How Common Is Cystic Fibrosis?
Cystic fibrosis (CF) is a genetically inherited disease that causes persistent lung infections and makes it difficult to breathe. While primarily affecting the lungs, it can also impact the digestive system, including the pancreas, liver, intestines, and kidneys. CF may also affect the ears, nose and sinuses, sex organs, and the bones and joints.1,2
How common is cystic fibrosis?
Cystic fibrosis is one of the most common genetic disorders in white people in the United States, occurring in one of every 3,200 live births. It is less common in African Americans (1 in 17,000), Asian Americans (1 in 31,000) and Native Americans. While still unusual in Hispanics, it is increasing in prominence over time (1 in 4,000 to 10,000).3,4
Who gets cystic fibrosis?
People with CF have inherited two copies of a mutated CF gene, meaning each parent was a carrier for CF. In the U.S., one in every 31 carries a mutation of the CF gene.5 Called the cystic fibrosis transmembrane conductance regulator (CFTR) gene, this mutation prevents the CFTR protein from working properly. There are more than 1,700 known mutations of the disease.6
People with only one copy of the defective CF gene are called carriers, and they do not have the disease. Each time two CF carriers have a child, the chances are:
- 25 percent (1 in 4) the child will have CF
- 50 percent (1 in 2) the child will be a carrier but will not have CF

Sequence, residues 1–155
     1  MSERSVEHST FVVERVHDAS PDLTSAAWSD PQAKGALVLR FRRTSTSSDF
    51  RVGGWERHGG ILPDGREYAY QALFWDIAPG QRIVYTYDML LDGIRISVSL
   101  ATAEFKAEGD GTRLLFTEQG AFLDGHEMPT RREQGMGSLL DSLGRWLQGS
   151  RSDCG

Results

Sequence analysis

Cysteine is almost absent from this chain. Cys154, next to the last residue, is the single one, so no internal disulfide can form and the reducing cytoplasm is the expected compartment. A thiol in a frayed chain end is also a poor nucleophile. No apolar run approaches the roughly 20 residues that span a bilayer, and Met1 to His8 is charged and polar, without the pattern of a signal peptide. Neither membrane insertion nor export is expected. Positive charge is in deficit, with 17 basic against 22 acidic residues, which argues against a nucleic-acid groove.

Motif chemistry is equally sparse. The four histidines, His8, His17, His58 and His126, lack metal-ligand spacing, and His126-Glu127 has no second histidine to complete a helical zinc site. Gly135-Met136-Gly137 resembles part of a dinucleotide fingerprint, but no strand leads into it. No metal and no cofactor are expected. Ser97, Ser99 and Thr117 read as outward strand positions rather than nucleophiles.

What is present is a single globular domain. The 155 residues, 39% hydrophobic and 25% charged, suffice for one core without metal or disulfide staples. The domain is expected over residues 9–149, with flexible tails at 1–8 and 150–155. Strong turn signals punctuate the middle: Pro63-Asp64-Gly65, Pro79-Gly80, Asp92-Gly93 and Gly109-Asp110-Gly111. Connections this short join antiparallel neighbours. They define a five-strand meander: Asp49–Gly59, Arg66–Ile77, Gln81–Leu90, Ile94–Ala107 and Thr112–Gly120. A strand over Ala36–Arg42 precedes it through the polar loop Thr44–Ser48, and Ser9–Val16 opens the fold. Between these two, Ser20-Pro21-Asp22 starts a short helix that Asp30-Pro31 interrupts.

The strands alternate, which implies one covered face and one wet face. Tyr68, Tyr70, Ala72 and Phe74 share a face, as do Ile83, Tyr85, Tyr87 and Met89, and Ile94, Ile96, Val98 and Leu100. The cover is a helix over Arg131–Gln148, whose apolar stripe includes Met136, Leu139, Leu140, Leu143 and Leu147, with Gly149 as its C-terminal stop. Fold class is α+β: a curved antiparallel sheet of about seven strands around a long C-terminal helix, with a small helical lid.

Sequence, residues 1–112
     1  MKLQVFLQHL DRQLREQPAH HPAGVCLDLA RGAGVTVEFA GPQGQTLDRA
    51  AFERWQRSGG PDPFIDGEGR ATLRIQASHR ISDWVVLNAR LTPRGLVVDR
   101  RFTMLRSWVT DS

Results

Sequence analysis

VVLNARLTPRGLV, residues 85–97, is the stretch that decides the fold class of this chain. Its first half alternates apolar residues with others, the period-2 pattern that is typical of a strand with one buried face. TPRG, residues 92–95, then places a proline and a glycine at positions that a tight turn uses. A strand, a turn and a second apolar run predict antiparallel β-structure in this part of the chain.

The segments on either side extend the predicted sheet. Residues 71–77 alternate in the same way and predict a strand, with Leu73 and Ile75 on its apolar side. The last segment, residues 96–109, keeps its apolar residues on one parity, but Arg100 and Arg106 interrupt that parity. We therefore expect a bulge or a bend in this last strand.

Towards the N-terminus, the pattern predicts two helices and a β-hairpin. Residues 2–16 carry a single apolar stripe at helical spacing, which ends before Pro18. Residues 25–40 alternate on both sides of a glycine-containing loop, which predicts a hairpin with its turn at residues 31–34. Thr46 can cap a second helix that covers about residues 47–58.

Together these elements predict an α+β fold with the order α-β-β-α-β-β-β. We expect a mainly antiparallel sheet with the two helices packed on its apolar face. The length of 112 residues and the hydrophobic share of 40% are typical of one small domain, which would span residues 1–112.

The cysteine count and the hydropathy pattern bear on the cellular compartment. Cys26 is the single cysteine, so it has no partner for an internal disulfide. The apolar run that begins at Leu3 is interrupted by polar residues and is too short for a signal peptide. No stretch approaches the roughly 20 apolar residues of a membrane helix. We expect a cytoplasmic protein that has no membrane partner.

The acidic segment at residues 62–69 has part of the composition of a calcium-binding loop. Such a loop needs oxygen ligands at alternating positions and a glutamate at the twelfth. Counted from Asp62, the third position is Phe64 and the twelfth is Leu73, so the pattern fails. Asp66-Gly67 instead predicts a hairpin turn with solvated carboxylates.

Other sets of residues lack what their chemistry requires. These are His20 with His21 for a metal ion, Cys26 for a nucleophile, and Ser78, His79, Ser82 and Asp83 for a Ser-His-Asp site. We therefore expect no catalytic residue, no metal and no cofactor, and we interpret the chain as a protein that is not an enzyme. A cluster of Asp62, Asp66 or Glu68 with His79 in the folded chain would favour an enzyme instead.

- 25 percent (1 in 4) the child will not be a carrier and will not have CF6
Life expectancy has increased substantially in the last 20 years, rising from age 31 in 1997 to age 44 in 2017. As of 2017, the U.S. states with the largest numbers of people living with CF are California (2,386), Texas (2,048), New York (1,644), and Florida (1,599).6
Cystic fibrosis is most common among Caucasians. In the U.S., the chances of being a carrier of a CFTR mutation are:
- 1 in 29 Caucasian-Americans
- 1 in 46 Hispanic-Americans
- 1 in 65 African-Americans
- 1 in 90 Asian-Americans
The cystic fibrosis population
The Cystic Fibrosis Foundation estimates that:
The history of CF
As early as 1595, writings suggested that there were children who likely had CF. The salty skin of babies with CF is so distinctive that an ancient folk saying from Northern Europe is: “Woe to that child which when kissed on the forehead tastes salty. He is bewitched and soon must die.”7
In the 1930s, doctors in Switzerland the U.S. described “cystic fibrosis of the pancreas” and cystic fibrosis was officially recognized as a disease. In the 1950s, life expectancy averaged a few months. Today, people with CF who reside in developed countries live into their 40s and longer.8
The future of CF
The general public generally believes many myths and misconceptions about cystic fibrosis, including that it impacts mostly boys or that people with CF die as children. By improving airway mucus clearance and controlling lung infections, cystic fibrosis has changed from being mostly a childhood disease to a predominantly adult disorder. This is not because it is becoming more common, but because people with cystic fibrosis are living longer than ever before.
In fact, the number of adults with CF in Europe is predicted to increase by about 70 percent by 2025.8